“In my experience, you don’t tell the doctors what to do, the doctors tell you,” said Chad Barrett’s mother, Linda Helton.
Fort Carson has faced scrutiny in recent months for deploying dozens of soldiers deemed unfit for duty.
Officials at Fort Carson won’t discuss the Barrett case, citing medical privacy rules, but post commander, Maj. Gen. Mark A. Graham, issued a statement.
“Our thoughts and prayers remain with the Barrett family and friends,” he said. “The specifics of this case are currently under investigation and no further information can be released until the conclusion.”
During a memorial service in March, Barrett’s Army comrades described him as an expert marksman with a friendly smile and selfless attitude.
“He didn’t have much direction growing up,” said his father, Ronnie Barrett. “When he joined the Army he found himself and became a man.”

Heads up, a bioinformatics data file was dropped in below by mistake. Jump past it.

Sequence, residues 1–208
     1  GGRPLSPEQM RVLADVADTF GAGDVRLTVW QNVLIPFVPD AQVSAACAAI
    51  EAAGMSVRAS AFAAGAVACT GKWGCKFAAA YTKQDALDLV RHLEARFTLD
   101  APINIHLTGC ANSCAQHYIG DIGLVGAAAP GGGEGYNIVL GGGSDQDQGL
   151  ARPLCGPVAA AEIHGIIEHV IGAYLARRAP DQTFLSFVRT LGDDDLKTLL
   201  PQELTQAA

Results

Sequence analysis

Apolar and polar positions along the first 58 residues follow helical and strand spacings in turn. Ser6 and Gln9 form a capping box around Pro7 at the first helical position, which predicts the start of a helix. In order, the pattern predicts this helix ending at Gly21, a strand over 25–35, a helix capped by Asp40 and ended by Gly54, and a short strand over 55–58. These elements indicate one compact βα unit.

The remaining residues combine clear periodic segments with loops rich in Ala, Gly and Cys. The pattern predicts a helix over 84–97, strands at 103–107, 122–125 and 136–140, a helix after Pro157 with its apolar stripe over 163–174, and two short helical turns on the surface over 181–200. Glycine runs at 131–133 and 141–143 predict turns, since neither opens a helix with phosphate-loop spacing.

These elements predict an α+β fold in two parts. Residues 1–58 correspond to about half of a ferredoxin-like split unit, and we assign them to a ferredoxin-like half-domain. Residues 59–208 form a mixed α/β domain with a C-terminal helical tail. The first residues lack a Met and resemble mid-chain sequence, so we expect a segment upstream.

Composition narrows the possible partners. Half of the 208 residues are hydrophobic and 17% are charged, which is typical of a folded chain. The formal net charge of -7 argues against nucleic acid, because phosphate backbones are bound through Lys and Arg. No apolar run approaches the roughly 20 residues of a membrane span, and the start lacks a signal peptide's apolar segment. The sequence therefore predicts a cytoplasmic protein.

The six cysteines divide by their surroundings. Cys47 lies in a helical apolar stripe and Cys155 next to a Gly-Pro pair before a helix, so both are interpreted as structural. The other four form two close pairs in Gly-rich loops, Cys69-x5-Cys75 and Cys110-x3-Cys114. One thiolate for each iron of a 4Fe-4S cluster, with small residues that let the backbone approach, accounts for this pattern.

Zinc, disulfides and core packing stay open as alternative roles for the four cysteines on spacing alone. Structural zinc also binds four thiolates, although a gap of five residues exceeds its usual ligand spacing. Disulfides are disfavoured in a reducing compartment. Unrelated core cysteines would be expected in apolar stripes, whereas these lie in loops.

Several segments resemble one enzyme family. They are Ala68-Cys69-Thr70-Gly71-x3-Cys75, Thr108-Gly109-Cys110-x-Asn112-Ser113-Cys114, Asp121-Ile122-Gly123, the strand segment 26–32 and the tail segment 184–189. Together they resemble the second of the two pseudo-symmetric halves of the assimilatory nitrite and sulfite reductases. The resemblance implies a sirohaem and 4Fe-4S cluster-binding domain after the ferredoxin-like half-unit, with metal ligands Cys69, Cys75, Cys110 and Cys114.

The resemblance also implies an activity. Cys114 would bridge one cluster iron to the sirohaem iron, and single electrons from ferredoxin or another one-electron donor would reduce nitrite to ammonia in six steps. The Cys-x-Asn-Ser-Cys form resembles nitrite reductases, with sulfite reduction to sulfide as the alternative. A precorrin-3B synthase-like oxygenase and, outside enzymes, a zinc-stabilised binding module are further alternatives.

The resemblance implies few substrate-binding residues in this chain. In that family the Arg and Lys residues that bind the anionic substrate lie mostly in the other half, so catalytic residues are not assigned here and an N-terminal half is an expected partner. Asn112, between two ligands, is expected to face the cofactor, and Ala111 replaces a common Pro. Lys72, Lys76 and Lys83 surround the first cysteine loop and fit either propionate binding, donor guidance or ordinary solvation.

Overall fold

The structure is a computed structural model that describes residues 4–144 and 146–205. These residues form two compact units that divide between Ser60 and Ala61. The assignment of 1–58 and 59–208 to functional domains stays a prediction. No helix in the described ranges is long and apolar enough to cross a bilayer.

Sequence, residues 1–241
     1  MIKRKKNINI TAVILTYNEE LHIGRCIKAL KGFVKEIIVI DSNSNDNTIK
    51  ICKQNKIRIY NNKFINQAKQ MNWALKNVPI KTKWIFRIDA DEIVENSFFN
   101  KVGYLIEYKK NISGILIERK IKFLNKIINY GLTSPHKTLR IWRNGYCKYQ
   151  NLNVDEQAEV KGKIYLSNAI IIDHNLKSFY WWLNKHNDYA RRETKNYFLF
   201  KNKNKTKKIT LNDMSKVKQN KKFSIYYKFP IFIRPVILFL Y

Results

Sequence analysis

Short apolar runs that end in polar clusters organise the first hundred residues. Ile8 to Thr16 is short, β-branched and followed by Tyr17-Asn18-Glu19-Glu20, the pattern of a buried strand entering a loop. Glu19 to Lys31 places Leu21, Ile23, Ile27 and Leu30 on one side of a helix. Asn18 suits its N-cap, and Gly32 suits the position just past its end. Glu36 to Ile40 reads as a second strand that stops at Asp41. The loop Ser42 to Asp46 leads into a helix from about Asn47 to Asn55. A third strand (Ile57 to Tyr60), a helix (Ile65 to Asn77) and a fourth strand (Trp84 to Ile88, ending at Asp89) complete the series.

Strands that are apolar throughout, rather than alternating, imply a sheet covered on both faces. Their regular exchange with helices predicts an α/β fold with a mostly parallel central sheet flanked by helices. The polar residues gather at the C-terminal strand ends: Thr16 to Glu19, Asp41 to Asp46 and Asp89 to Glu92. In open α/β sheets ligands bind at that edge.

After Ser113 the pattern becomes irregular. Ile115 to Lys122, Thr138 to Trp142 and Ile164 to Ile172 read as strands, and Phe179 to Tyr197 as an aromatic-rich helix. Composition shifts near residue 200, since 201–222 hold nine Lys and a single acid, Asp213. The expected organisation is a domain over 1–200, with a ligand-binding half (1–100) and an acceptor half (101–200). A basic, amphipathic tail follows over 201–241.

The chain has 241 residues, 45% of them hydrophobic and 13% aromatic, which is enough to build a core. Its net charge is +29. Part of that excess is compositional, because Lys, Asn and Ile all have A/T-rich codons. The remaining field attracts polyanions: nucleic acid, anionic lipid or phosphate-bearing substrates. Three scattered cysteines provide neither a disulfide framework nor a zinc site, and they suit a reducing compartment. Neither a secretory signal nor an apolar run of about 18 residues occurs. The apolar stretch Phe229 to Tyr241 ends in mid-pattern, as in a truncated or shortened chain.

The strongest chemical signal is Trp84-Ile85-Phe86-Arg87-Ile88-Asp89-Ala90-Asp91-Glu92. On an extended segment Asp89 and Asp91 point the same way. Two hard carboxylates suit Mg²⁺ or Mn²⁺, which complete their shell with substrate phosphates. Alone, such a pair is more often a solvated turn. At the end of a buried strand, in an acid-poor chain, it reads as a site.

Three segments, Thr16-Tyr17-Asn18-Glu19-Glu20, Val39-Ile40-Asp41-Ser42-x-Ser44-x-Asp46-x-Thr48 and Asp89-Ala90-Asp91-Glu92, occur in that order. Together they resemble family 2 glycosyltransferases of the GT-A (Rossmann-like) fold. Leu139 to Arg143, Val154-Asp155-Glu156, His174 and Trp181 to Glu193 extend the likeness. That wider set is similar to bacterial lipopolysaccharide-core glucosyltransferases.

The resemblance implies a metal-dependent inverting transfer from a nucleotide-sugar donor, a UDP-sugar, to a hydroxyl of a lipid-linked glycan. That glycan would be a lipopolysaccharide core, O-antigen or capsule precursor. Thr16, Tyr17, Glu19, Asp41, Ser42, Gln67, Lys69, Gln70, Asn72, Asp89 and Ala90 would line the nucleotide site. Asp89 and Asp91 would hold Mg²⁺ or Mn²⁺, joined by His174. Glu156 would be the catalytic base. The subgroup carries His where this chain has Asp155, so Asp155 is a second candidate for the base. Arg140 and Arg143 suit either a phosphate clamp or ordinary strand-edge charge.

Chad Barrett served in Texas, Virginia and Germany before completing two tours in Iraq. Along the way, he earned the Army Commendation Medal, the Army Achievement Medal and several other honors, including a Combat Action Badge.
Living in pain
The after-effects of combat took their toll, however.
During his second deployment to Iraq, Barrett survived several nearby explosions, including one that left him briefly unconscious. When he returned home to Fountain, he found it difficult to relax and enjoy life. He was gripped by agonizing headaches, said his wife, Shelby Barrett.
“There were times when he was on the ground, holding his head, because he was in so much pain,” she said.
Chad Barrett also weathered violent dreams, she said.
Finally, in June 2007, Barrett was hospitalized briefly following what medical records indicate was a suicide attempt – although Shelby Barrett believes her husband suffered a bad reaction to various medications prescribed for him at Fort Carson’s Evans Army Community Hospital.